Barnstaple Town Council’s ambitious plans will see three staff lose their jobs to help fund roadside maintenance and rescue plan for Records Office
Barnstaple Town Council will raise its portion of council tax and reduce staff as part of a plan for a ‘better Barnstaple’.
Councillors have agreed to raise its share of the council tax by 25p per week, to £86.68 for a Band D property.
That represents an 18.2 per cent hike on last year’s figure of £73.35.
On top of this, staffing numbers will be reduced from 20 to 17 ‘through efficiencies and a greater focus on use of local suppliers for some of its internal service’.
Cllr Ian Roome, chairman of the council’s staff committee, said: “We’ve looked long and hard at what staff we need to deliver our plan, and we’ve made some tough but important decisions as a result.
“I want to thank the staff for their patience during a difficult period of change and for their enthusiasm for our objectives.
“We have had to say goodbye to a few employees to get the right approach for the future, and we offer our sincere appreciation to those who are leaving us for their service to the local community.”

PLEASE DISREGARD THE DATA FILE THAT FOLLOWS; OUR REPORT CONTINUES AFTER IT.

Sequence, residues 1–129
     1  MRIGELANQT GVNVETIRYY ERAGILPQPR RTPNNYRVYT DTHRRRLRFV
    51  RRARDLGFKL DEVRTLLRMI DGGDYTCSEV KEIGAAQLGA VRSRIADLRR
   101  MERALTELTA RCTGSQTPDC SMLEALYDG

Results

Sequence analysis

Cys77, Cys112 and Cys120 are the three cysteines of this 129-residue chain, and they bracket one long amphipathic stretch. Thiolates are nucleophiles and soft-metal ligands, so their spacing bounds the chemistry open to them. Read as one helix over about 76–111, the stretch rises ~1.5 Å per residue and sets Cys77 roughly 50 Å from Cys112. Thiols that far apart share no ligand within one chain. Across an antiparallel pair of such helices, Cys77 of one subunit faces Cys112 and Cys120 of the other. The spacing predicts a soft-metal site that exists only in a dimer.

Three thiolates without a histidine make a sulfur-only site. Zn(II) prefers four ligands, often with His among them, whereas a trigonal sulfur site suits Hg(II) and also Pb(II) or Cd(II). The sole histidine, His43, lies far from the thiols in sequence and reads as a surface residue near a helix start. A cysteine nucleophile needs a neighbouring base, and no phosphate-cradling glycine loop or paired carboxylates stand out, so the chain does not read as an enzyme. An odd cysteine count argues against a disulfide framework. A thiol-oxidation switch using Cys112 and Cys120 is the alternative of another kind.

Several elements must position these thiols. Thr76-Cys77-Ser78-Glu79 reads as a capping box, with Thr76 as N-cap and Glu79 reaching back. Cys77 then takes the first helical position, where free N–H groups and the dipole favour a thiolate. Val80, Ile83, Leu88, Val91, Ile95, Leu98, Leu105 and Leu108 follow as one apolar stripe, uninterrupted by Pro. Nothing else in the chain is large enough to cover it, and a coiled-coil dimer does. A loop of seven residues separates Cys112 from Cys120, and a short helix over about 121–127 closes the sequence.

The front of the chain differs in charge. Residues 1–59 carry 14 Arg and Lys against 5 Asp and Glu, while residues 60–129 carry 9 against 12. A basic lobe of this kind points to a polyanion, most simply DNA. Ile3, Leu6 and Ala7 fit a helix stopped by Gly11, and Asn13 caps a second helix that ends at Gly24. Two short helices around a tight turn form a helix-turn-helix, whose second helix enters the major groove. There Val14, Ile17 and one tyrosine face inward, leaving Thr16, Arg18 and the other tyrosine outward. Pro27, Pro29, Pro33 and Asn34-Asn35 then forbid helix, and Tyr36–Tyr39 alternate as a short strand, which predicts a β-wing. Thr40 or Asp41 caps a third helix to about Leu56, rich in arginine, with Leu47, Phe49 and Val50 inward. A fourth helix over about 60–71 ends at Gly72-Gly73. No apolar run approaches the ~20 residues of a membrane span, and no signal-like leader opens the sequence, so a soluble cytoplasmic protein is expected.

The council’s vision for the next five years is ‘to make Barnstaple a better place to live, work, visit, and do business, and to be a strong voice for the community’.
Councillors’ initial focus is on protecting the town against services that have been reduced or removed as a result of Devon County Council’s ‘Tough Choices’ policy, and on making Barnstaple’s heritage available to a wider public audience.
This will include the town council formally taking over responsibility for roadside green and planted areas from April; a long-term rescue package to protect North Devon Records Office from closure; and refurbishment of the Guildhall.
The council is also looking at putting forward options to develop Barnstaple Museum and will close Barnstaple Heritage Centre in March.
Town mayor and council chairman Cllr Val Elkins said: “This is a challenging but exciting time for Barnstaple and its Town Council.
“With the larger councils reducing their spending we have had to make some difficult decisions about how we can help to protect services that would otherwise disappear, like the grass cutting and the Records Office.
“By consulting with the public on their priorities we have produced an ambitious plan that will achieve as much as a small council like ours can deliver.”